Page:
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Tricky Taper Timing

yesterday-spx

Yesterday, outgoing Federal Reserve Chairman Bernanke tricked the markets by announcing that they would start to reduce (ie, Taper) their purchases of government bonds starting in January. Most people believed that the Fed would begin to taper in March 2014 – I wrote on the blog that my view on the taper beginning was a first quarter 2014 start, which is in fact when the initial purchase the lower amount will begin, but I didn’t think they would announce it this month.

I also wrote that I thought the taper would bring some downward pressure on stock prices because any reduction in liquidity has historically been negative for the stock market. As you can see from the chart above, the market had a knee jerk reaction down but almost immediately it began a significant climb higher, ending the day at a new record closing level.

I thought it would be instructive to look at what has happened to the stock market historically when the Federal Reserve starts to restrict its monetary policy. So, below I have included a chart, courtesy of Lance Roberts, of the 18 times over the past 56 years that the Fed has tightened monetary policy and what has happened to the stock market rally that was going on at the beginning of their tightening cycle.

interest-rate-table-risingrates-121713

What we learn from this chart is that in most of the 18 cases, the stock market rally peaked four to six months after the beginning of the Fed’s tightening phase, with four exceptions taking a year or more. In all cases, the stock market peaked during the tightening or shortly after the Fed’s reduction in liquidity ended.

I think this information is pretty important, but we have a pretty major difference this time: in these past 18 instances, the Fed had not used Quantitative Easing (ie, the purchase of bonds as a way to print new money for the economy). So, to a certain extent, we are in uncharted territory and we will have to make some assumptions about the future.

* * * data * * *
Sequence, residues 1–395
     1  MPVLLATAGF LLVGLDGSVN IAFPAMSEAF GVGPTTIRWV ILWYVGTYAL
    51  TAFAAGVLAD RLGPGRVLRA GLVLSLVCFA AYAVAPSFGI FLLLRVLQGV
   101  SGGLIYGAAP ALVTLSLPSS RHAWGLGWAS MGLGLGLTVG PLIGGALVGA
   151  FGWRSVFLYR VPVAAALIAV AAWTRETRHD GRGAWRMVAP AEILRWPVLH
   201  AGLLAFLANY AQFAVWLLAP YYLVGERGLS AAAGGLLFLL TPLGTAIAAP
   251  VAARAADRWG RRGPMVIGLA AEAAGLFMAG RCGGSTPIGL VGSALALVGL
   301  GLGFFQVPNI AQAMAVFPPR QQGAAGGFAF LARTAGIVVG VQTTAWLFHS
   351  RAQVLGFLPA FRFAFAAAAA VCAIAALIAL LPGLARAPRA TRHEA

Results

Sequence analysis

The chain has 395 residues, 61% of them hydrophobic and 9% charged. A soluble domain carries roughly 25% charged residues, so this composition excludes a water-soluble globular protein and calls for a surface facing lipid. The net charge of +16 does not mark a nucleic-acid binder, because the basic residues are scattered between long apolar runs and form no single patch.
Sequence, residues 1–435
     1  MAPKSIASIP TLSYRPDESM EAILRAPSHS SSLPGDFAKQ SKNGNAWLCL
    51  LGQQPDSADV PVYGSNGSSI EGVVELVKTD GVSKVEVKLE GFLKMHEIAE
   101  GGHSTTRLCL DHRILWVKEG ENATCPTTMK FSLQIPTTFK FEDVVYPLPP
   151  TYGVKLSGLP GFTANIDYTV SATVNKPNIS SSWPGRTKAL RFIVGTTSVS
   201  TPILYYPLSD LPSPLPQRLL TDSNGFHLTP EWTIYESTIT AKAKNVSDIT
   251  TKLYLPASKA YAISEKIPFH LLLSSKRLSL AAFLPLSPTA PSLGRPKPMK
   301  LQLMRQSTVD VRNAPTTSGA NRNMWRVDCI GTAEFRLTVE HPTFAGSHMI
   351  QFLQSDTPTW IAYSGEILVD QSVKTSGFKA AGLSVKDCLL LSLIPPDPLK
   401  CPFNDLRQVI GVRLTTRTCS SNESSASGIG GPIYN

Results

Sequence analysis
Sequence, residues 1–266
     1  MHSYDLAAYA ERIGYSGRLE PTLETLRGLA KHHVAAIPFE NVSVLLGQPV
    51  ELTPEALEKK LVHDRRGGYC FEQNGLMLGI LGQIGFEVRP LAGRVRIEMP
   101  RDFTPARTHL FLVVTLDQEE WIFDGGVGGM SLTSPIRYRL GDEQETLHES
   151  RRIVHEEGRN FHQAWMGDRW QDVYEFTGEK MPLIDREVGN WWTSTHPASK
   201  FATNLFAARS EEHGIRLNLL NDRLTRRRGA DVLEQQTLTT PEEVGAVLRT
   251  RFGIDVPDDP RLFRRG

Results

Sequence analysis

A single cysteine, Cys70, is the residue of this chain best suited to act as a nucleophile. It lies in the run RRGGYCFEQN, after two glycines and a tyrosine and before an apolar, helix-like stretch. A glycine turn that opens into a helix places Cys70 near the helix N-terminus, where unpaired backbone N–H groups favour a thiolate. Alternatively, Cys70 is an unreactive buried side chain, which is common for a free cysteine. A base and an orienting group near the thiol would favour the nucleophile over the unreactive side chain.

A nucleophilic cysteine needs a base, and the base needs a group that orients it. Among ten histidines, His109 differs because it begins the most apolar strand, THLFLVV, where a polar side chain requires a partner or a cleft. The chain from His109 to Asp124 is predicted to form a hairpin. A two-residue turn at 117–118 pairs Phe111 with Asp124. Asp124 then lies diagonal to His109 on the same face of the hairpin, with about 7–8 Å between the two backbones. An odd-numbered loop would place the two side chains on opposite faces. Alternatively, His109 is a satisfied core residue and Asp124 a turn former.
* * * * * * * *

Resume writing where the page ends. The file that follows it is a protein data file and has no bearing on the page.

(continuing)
As part of the Fed’s announcement, they stated that they would keep interest rates low for an extended period of time which means that absent any major economic upturn in the economy or increase in reported inflation, they will keep the current Zero Interest Rate Policy in place through 2015 and possibly 2016. This will continue to provide significant monetary ease that will offset the tapering.

However, what they did not address was the size of the Fed’s Balance Sheet. Their balance sheet is roughly $4 Trillion in size, up from under $1 Trillion at the beginning of their Quantitative Easing activities. The graph below comes from the St Louis Fed and show the exponential growth in their balance sheet during their QE activities.

fed-balance-sheet

What happens to our debt-based government, and in turn our economy, if they opt to not reinvest those bonds when they mature? Also, since the Fed has been the primary purchaser of our government debt during the QE time frame, will someone step up to buy the debt of the world largest debtor at the current level of interest rates?